Cutting against the ground in really wet shitty conditions will expose every flaw in your header setup. We have some heavy sticky clay soils and do a ton of soybeans every year so this is what I've learned over the last 5 years with 40'macdon FD series headers.

Wing balance needs to be set as close to perfect as you can, or very slightly biased to smile. As mud builds up the wings get heavier, this will give you more margin of error and hopefully reduce dragging at the ends.

Wing float around 1-1.25 on the float wrench. Keep it as light as you can without the wing wanting to drift upwards into smile, and so that it wants to rise up over mud instead of pushing.

Cutterbar poly should be in good shape all along the header.

Completely remove all skid shoes on the wings, including the bracket that holds the outermost skid. Mud builds up on top and packs against the draper, which pulls it in.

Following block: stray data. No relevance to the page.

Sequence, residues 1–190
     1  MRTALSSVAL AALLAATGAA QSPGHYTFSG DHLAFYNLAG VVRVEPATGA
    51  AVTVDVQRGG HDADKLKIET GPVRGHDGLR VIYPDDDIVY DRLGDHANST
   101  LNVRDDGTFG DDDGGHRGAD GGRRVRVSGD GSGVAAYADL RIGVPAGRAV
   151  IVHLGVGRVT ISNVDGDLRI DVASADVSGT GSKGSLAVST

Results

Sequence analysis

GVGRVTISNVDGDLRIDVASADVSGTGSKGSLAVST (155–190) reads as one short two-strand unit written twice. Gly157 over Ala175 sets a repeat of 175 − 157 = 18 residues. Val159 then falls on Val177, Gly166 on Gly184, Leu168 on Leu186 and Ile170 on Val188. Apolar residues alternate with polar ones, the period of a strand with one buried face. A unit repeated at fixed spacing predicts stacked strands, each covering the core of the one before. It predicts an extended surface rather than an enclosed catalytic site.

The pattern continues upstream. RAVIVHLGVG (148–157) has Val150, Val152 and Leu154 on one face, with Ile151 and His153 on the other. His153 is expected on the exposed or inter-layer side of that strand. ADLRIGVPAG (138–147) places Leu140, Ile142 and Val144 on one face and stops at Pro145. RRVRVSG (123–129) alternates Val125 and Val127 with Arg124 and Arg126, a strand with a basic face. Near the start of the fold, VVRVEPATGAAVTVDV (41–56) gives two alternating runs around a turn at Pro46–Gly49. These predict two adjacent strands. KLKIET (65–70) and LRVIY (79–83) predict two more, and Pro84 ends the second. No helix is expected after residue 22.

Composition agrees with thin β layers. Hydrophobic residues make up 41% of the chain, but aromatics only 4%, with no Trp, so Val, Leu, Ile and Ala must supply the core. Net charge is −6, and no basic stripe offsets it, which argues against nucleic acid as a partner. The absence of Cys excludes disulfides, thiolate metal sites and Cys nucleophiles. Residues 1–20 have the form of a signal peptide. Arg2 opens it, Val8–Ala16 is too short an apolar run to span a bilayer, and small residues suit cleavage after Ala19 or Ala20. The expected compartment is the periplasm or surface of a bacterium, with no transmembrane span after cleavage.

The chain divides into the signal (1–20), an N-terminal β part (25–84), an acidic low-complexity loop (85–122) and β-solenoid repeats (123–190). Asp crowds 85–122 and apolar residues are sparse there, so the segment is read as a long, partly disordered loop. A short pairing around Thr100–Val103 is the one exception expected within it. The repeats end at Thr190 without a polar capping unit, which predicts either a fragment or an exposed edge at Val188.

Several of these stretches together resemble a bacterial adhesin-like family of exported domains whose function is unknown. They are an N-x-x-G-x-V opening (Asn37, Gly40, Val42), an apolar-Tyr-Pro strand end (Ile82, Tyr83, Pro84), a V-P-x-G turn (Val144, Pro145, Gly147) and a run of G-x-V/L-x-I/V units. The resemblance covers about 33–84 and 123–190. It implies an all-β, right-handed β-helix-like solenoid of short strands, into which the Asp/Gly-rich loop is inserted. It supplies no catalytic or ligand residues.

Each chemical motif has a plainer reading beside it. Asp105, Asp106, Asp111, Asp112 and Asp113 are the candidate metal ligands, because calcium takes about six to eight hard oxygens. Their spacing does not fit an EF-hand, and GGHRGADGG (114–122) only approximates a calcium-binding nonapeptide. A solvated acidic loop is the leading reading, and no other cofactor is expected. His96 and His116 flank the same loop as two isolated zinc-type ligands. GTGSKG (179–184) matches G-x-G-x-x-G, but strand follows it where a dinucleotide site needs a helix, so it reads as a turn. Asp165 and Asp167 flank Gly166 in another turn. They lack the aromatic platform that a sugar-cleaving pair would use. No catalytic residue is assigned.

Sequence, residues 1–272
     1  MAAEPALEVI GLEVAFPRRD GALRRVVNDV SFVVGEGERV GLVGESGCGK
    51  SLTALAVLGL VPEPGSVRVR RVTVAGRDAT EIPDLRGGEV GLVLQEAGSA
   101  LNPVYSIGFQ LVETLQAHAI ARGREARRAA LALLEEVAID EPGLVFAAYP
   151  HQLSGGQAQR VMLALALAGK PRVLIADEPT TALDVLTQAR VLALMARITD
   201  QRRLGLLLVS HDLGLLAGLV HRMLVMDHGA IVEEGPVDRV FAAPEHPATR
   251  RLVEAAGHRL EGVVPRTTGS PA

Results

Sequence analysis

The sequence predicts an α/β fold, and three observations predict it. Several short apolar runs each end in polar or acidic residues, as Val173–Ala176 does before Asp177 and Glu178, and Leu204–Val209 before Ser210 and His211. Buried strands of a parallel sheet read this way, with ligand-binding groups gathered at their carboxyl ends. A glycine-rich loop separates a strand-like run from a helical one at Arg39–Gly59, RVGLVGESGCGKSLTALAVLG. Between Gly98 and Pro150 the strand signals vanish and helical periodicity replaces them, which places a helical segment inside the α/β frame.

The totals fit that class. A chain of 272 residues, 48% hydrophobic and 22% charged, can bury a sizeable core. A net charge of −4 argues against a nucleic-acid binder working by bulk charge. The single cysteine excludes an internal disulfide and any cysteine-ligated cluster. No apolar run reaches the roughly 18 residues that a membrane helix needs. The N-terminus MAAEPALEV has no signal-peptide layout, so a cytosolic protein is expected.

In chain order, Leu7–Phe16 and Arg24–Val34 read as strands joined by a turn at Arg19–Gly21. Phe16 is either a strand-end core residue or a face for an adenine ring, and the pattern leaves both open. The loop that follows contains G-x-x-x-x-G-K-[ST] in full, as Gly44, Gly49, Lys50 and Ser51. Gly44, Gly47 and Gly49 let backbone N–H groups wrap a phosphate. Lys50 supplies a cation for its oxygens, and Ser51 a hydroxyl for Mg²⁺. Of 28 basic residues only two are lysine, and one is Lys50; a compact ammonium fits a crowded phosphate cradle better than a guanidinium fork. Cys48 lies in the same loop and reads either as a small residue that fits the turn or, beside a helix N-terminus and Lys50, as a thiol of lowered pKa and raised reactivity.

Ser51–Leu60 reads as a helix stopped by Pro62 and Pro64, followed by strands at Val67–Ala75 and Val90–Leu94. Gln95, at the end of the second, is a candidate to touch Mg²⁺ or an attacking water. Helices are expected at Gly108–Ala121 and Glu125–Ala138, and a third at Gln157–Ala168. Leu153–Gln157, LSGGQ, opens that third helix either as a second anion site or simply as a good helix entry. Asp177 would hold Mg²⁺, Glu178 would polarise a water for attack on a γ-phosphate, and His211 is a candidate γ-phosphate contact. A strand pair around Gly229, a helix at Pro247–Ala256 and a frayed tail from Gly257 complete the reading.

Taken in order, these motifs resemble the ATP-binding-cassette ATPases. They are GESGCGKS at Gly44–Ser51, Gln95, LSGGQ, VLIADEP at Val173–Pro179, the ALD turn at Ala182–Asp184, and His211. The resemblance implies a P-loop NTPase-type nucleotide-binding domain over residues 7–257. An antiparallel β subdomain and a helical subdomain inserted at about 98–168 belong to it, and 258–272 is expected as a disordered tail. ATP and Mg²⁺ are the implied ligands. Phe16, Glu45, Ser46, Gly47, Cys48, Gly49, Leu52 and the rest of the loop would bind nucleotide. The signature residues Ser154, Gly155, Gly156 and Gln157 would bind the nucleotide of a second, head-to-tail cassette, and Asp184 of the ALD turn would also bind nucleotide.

Center skid shoes set to either hole 2 or 3 depending on how bad it drags. This will allow the autofloat to begin working sooner as it gives a lower point of contact for the center section, which will allow you to run a lighter float setting.

Autofloat! Make sure you have it and that you've done any calibrations, run as light as you can. Set it so raise speed is nearly maxed and lowering speed is almost minimum. Response time/delay to minimum.

Adjust the float cable on the slides at the front of the float control box so there is no slack at rest, or even slightly pretension the cable. This will make the potentiometer more responsive to small movements and thus make the computer react faster.

Adjust the draper seal all the way along the cutterbar so that the draper edge is slightly deflected. This will help keep mud out from inside the drapers. At most you want a credit card gap.

Put on fresh knives to reduce dragging when trying to cut tough stalks. We usually switch ours out every 1000ac of cutting per head anyways.

Make sure the bottom belly pan on the adapter doesn't drag, sometimes one of the arms gets bent down and will push mud.

Last edited by Slashnburn2; 09-23-2017 at 11:17 PM.
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post #8 of 15 (permalink) Old 09-24-2017, 02:22 PM